When he was called on a mission to the BYU Jerusalem Center, it came with a fairly big caveat: there was no proselyting allowed. The Center had been the focus of quite a bit of controversy in Jerusalem, and the church had signed very specific agreements to reassure citizens we weren’t coming there to “convert the Holy Land.” So in a situation like that, where you couldn’t bring up religion at all, how could you be an effective missionary?
My grandfather found a way. The chapel where we have sacrament meeting at the center has a glass wall at the front. You sit there, and all you can see outside is Jerusalem spread out in front of you. The Dome of the Rock, the Church of the Holy Sepulchre. It’s all there, with a spectacular view. It also happens to have a great organ.
Not long after he arrived, my grandfather started weekly concerts at the center, arranging for visiting musicians of any faith to come perform each Sunday night. When I went there as a student, I had the chance to go to some of those performances. They drew in people from across the city, and they changed the view many people had of the Center, turning it from a strange place for foreigners to a venue many locals admired and loved to take advantage of.
Through his music and his work, my grandfather was able to share his testimony with many people, but he did it in his way, using the strengths he had. I’d like to think each of us can do the same thing.
We hear the phrase “Share the Gospel,” and we immediately think about going door to door, or approaching our friends and giving them a copy of the Book of Mormon. Don’t get me wrong: those are excellent ways to share the Gospel. But they’re not the only ways. They’re not even (necessarily) the best ways.
There’s no “ideal member missionary” any more than there is an “ideal missionary,” but sometimes I think when we’re challenged to share the Gospel, we might be tempted to dodge the challenge. “I tried that once. It didn’t work for me.” “All my friends know I’m a member already.” “I’m too scared.” But when we think of those excuses, we’re pigeonholing ourselves into a single gospel sharing approach.
Imagine a different scenario. A scenario where when everyone hears that challenge, they look at themselves and their lives and they come up with their own unique way of rising to meet it. Maybe it’s by doing increased service in their neighborhood. Perhaps they start sharing gospel talks on their Facebook feed. They might just look for ways to increase their own testimony to make it easier to share it with others.
However they do it, they follow a few simple steps. First, they involve God in the decision making process. God knows each of us individually, and I believe He’s put us in positions where we can do the most good in our lives. By asking Him how we can best fulfill his requests, we have a much greater chance of actually accomplishing them.
Another thing I’ve learned through my years of being in the Church is that God doesn’t turn down an honest effort. Sometimes we can be tempted to go into decision lock, where we don’t know what the best choice is, and so we make no choice at all. As if only the one right choice matters, when that isn’t it at all. What matters is that we take action. Any action.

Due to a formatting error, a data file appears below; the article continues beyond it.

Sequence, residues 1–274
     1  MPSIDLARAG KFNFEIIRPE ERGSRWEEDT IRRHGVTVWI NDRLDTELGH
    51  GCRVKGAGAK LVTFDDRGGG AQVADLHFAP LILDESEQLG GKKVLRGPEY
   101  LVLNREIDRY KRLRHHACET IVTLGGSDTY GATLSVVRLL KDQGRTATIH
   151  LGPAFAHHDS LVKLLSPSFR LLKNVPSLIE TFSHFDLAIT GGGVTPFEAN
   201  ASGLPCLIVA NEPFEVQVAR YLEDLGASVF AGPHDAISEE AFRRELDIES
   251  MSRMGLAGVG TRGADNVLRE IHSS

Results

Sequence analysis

In D&C section 60, the early church members are in a situation similar to what many of us find ourselves in. They’re not sure how to go about sharing the Gospel. In verse 2, Christ says, “with some I am not well pleased, for they will not open their mouths, but they hide the talent which I have given unto them, because of the fear of man. Wo unto such, for mine anger is kindled against them.”
Some hear that phrase, “open their mouths,” and they think only of going up to people and challenging them to learn more about the Gospel. It’s where the focus often ends up. But we ignore the other part—the tailor made part. “The talent which I have given unto them.” God has blessed us all with different strengths. Which do you think He would prefer? That we all try to use the same approach toward sharing the Gospel, or that we all try to use the best approach that works for us, individually?
Later in section 60, Christ continues to instruct the early saints on how to open their mouths and share the Gospel: “Let there be a craft made, or bought, as seemeth you good, it mattereth not unto me, and take your journey speedily for the place which is called St. Louis.”
“It mattereth not unto me.” Think about that phrase for a moment. How the saints got to St. Louis was immaterial. What mattered was that they got there. There was no one best way. Any way would work.
I do my best to involve God in all of the major decisions in my life. I try to make the best choice whenever possible, and I pray about those choices quite a bit. But sometimes I don’t have time to look at something from every angle. Sometimes I’m not certain that the choice I’m about to make is the best one. What do I do then? I don’t just sit back and do nothing. I pray and tell God the choice I’m going to make, wait to see if there’s any last impressions, and then moved forward as planned, confident at that point that if I were making any big blunders, God had plenty of chances to have me pump the brakes.
Sharing the Gospel is much more than a one note effort. Plink away at the same note or in the same key for too long, and you miss the chance to explore the whole instrument. It’s my hope that we can each add a few octaves to our ranges as we strive to do the things God wants us to do. I know that as we involve Him in the decision making process, we can’t go wrong.